When it comes to examining Mugabe’s liberation roots, the focus has usually been on his role in the 1970s, when the war against white Rhodesia was at its hottest. His elevation to the presidency of the Zimbabwe African National Union (Zanu) in 1973–4 is one episode that is frequently cited as an early indication of guile and cold-blooded ambition. At this juncture, most of the party’s leaders were imprisoned in Rhodesian jails, and the suggestion is that Mugabe, ever the schemer, engineered a “coup” against Zanu president Ndabaningi Sithole.
The real story is more bland. Ex officio, Mugabe had been ranked third in the Zanu hierarchy as secretary-general and he had moved into second place after the party’s vice president died in prison. By then, Sithole had lost the favour of his colleagues, having disavowed the armed struggle as part of a deal with white authorities. Mugabe assumed the presidency by default when Sithole was formally deposed.
Edgar Tekere, a founding member of Zanu who escaped with Mugabe to Mozambique in 1975, was among the best informed of Mugabe’s latter-day detractors. But even he was apparently unable to connect Mugabe to the planning or execution of acts of violence beyond the war itself – certainly nothing that compared with what occurred after 1980. In a 2007 autobiography, Tekere claimed only that Mugabe failed to intervene to commute the death sentence on Zanu rebels in 1978 (though he did not oppose Tekere’s proposal to do so) and that he told one of them who complained of being beaten that he should expect such treatment.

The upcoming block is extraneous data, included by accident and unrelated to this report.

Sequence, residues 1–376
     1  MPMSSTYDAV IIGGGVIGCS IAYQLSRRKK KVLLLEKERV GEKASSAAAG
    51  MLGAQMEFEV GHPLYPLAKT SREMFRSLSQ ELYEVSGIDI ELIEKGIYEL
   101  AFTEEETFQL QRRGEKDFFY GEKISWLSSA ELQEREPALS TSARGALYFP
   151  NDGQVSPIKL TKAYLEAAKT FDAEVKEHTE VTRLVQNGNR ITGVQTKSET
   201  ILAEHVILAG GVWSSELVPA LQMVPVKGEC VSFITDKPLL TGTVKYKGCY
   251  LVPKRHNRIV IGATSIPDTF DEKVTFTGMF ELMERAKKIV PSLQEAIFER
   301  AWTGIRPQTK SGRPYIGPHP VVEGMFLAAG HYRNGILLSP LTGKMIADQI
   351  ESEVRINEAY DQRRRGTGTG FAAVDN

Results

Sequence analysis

Based on the evidence presented in such accounts, as opposed to their unsubstantiated conclusions, Mugabe emerges as man who imbibed a culture of violence but was not a direct participant. His predilection for violence prior to independence appears more cerebral than experiential. And, at the time, many observers saw this not as foreboding but inspirational: he became known for his unwavering devotion to armed struggle as the only means of change, a consistency that impressed left-leaning Westerners in the later years of the war and was seen by them as an indication of principle and integrity. Writing of events during 1978, journalist David Caute disparaged Mugabe’s nationalist rival, Joshua Nkomo, as “a whale of a shopkeeper, all flesh and emotion”, comparing him with the “ice-cool professor”, Mugabe, who “magnetises the young reporters; he is the black Robespierre, pure, uncompromising and author of the terror sweeping eastern Rhodesia … He is a man who has stripped himself down to essentials, he is a distilled man … Impossible to imagine him wasting an hour in idle relaxation”.
Yet both Mugabe’s wartime admirers and post-independence critics have been mistaken, if for different reasons. Caute and those like him failed to see that violence was, for Mugabe, the most effective and gratifying means of dealing with adversaries of any complexion. This was not an aberration that developed after Zanu entered government – and to that extent Tekere and others were correct. However, the primary evidence is not (as yet) to be found in the 1970s but in the four years between Mugabe’s joining of the struggle in 1960 and his incarceration in 1964. Documents from this earlier period reveal that his commitment to violence was already absolute, that it was directed against both whites and blacks, and that he was personally involved in its implementation.